Thursday, December 8, 2016

Why Whole Plant Cannabis Is Essential To All Of Us

Why Whole Plant Cannabis Is Essential To All Of Us

Why Whole Plant Cannabis Is Essential To All Of Us
Whole plant cannabis. We’ve all probably heard the term. Companies use it to promote their products, patient groups campaign for the right to use it, yet the majority of scientific research into medical cannabis ignores it, choosing to focus on single compounds like THC and CBD. Globally, medical cannabis use and regulation is riddled with contradictions, inconsistencies, and hypocrisy, but for many the near impossibility of bringing whole plant cannabis medication to market is the biggest travesty of all.

The FDA says there’s not enough proof that the cannabis plant has therapeutic use, but its continued schedule 1 status means it’s a bureaucratic nightmare to research.

Patients see first hand that whole plant extracts treat their symptoms better than isolated cannabinoids, yet no pharmaceutical company will invest millions researching a plant that can’t be patented.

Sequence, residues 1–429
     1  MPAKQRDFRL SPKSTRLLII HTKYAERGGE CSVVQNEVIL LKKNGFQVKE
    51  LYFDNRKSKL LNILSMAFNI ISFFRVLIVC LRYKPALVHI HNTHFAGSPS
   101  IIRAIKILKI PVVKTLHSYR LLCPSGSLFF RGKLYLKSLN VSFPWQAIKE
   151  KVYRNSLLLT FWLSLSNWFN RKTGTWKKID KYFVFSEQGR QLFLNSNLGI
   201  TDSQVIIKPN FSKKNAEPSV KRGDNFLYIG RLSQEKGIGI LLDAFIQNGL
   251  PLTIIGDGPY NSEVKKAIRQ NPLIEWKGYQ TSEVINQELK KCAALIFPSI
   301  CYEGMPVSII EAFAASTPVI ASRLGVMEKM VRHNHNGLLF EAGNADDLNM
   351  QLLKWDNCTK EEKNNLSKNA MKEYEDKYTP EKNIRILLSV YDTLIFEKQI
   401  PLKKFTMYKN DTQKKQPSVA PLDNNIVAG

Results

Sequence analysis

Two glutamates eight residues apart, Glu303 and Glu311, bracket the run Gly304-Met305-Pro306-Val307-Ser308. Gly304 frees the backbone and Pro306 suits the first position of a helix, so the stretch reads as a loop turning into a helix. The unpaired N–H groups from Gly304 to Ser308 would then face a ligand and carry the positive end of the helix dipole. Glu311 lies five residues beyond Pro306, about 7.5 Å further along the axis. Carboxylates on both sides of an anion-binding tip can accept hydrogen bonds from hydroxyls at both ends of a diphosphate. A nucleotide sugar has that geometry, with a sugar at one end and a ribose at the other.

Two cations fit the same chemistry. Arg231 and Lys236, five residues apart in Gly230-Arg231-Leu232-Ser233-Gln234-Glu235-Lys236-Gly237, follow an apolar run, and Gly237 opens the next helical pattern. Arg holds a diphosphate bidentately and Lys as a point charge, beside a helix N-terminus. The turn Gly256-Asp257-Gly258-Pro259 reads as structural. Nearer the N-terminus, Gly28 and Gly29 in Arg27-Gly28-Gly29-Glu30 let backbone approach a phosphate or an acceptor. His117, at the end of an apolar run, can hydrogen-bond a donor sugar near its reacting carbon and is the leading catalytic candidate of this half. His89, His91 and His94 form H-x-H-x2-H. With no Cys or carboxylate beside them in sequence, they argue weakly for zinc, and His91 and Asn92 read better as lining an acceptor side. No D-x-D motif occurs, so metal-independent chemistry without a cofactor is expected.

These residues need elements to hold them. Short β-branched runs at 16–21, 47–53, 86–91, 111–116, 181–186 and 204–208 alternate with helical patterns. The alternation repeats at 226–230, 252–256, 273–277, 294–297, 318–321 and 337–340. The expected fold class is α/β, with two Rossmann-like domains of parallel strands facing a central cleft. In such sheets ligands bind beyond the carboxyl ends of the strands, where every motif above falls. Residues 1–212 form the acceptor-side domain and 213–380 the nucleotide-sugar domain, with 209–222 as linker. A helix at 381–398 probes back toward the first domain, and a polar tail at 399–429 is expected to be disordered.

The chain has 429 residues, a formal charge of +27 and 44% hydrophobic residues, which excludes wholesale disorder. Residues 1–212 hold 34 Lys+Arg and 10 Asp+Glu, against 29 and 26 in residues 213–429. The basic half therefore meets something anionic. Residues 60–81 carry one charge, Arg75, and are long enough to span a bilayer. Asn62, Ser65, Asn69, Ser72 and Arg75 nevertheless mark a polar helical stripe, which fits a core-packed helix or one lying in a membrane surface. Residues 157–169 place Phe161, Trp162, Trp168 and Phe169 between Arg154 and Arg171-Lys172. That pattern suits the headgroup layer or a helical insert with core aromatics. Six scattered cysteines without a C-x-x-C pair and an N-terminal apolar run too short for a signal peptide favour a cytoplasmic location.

At the heart lies a seemingly irrevocable tension between what anecdotal evidence from patient experience suggests to be effective and what ultimately will keep pharmaceutical company shareholders and government regulators happy.
Cannabis a complex plant So why does it matter anyway if the whole plant is researched or not? Surely if we know that certain cannabinoids have therapeutic effects, we should just concentrate on those, right?

Well, that would be the easy answer if the cannabis plant fitted in with the current single molecule model of scientific research. But cannabis is a complex beast. With approximately 420 molecules, including 113 cannabinoids, over 200 terpenes, plus flavonoids, amino acids, proteins, enzymes, fatty acids, and sugars, it’s easy to see that the cannabis plant has a whole lot of botanical stuff going on.

So far, it’s the two headline grabbing cannabinoids Tetrahydrocannabinol (THC) and Cannabidiol (CBD) that have been most widely researched, with many scientists believing they are key players in the piece.

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